One of the most important things to understand if you’re going through something similar is that you don’t have to do this on your own. Even if you haven’t yet suffered from depression or anxiety yourself, reach out to those who have. A kind word, a smile, or the results of a Google search could go a long way to making the world a better place.

They say I’m doing well. I’m now in recovery (I don’t think anybody is truly cured). But I’m more aware of myself and my triggers than ever, and if I feel myself getting low, I’m sure to let my husband or my family know. I still practice Mindfulness—it’s something I think I’ll always do—and I’m very grateful to be alive and well in this beautiful world. But I’m also aware that so many more people than ever are out there suffering, and if that’s you, I promise, you aren’t alone.

Carrie Elks © 2016

author bio

Carrie Elks lives near London, England and writes contemporary romance with a dash of intrigue. At the age of twenty-one she left college with a political science degree, a healthy overdraft and a soon-to-be husband. She loves to travel and meet new people, and has lived in the USA and Switzerland as well as the UK. When she isn’t reading or writing, she can usually be found baking, drinking wine or working out how to combine the two. http://www.carrieelks.com

related links

A Lecture on Mindfulness by Prof Mark Williams – https://www.youtube.com/watch?v=wAy_3Ssyqqg

Mind – http://www.mind.org.uk

The Samaritans – http://www.samaritans.org

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Thank you so much for taking part Carrie!

To see the full list of authors taking part in this month-long blog tour, [click here]

To find out what “They Say I’m Doing Well” is all about, [click here]

giveaway

51sbG+uw6nLCarrie is giving away an ecopy of her book Coming Down. To be in with a chance of winning, visit Carrie’s FB Page and post on her wall “Sarah sent me!”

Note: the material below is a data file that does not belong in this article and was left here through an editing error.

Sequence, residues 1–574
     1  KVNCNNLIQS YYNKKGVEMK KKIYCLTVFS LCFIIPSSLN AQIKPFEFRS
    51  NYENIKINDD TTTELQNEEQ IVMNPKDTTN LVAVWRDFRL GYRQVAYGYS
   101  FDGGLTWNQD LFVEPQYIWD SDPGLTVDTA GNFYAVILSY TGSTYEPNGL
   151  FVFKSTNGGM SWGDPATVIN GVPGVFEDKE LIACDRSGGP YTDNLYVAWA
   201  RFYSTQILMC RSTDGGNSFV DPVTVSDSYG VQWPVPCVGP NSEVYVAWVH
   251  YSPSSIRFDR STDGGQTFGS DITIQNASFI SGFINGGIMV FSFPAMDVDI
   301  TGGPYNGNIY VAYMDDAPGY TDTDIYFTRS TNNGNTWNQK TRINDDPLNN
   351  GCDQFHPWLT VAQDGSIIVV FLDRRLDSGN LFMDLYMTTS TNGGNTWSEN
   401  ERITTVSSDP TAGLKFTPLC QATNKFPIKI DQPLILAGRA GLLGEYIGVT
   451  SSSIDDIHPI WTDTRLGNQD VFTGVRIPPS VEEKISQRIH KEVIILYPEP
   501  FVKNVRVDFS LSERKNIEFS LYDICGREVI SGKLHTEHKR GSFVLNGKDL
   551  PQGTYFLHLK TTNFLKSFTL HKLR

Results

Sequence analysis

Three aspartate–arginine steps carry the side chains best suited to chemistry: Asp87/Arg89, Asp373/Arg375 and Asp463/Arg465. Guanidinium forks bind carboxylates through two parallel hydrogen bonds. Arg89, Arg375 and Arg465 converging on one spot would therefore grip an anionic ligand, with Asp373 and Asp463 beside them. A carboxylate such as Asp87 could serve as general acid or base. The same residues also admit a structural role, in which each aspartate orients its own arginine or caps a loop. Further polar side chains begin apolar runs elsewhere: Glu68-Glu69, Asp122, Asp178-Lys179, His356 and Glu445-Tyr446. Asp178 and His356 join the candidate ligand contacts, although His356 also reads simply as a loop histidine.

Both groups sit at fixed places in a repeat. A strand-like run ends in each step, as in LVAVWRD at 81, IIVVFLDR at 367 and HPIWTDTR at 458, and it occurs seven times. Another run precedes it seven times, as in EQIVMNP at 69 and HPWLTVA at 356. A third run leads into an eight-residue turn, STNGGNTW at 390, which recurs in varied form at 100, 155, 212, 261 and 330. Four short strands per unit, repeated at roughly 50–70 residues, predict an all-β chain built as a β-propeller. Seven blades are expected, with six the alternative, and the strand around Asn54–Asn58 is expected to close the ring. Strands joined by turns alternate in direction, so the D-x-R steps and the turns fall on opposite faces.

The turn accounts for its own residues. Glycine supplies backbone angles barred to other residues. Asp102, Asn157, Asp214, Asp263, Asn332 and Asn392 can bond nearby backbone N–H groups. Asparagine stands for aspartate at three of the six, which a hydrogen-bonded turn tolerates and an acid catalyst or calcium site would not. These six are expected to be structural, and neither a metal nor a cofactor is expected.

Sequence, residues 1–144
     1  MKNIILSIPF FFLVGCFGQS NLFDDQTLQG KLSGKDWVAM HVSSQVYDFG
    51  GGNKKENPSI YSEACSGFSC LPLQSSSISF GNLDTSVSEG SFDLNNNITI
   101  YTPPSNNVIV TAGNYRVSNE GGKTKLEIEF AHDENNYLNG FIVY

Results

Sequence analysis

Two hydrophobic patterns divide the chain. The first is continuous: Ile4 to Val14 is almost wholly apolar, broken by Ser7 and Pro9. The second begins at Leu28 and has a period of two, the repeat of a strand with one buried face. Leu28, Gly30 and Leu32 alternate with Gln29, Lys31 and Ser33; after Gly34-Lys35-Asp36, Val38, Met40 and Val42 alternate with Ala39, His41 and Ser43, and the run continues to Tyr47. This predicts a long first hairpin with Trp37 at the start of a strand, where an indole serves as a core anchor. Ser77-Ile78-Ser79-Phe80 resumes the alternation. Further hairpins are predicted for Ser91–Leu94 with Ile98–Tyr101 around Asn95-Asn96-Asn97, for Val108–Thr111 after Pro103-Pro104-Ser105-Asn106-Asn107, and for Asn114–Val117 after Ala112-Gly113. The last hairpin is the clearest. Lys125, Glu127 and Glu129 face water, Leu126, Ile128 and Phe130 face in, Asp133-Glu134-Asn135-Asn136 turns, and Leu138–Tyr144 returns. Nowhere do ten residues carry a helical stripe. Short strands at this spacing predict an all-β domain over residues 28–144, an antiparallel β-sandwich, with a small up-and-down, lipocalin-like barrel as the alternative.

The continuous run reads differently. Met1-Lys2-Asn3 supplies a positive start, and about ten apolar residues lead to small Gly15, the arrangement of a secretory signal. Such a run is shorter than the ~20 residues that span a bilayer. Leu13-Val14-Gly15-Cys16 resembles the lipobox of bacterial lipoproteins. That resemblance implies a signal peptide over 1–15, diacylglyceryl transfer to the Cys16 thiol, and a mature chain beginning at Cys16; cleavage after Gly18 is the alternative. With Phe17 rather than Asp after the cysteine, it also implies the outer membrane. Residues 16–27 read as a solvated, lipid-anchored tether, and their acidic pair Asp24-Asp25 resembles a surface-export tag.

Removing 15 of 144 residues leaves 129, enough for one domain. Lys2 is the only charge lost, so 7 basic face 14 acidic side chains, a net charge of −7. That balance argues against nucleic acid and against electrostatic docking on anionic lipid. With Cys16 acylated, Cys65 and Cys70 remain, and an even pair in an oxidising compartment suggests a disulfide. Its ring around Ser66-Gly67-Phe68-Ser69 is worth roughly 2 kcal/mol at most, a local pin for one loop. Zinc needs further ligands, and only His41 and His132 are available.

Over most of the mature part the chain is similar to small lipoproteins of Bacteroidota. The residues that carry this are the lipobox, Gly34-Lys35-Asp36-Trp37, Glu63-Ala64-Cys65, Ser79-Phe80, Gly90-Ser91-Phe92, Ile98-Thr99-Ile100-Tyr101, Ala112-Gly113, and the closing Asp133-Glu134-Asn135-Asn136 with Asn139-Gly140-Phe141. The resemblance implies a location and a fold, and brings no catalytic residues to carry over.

Good luck everyone and thanks for reading!

“They Say I’m Doing Well” Blog Tour – Stop #5 – Andie M Long

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I’m more than happy to tell you about my own anxiety and depression. If this story helps even one person then that’s great.

When I was twenty-one I moved into my first house (just me) and one week later I went abroad with my boyfriend. While there I had a couple of episodes of what we attributed to ‘too much sun.’ I was shaking and felt sick and had to go back to the apartment on two occasions. It would be three years before these were diagnosed as panic attacks.

At twenty-four I felt faint while on the bus. I got off in Sheffield City Centre and banged on the doors of Yorkshire Bank. I knew they had closed to customers but I also knew my sister was behind that door. We caught a taxi back to my house, thinking I had a virus. That virus lasted three years. During these three years I would be diagnosed with ME and struggle to keep my job. I lived on my own and yet relied on my boyfriend, sister and parents to get me to the places I needed to be. During that time I became obsessed with gardening, the only means of escape I had from my four walls. Unfortunately I had bad neighbours at either side. At one side a man who would get drunk and smack his wife every Friday night, the other, a Schizophrenic. Three doors down another man with mental health problems. I came home one day and the kids of wife-beater had gone into my garden and ripped all the heads off my flowers. They couldn’t see the problem.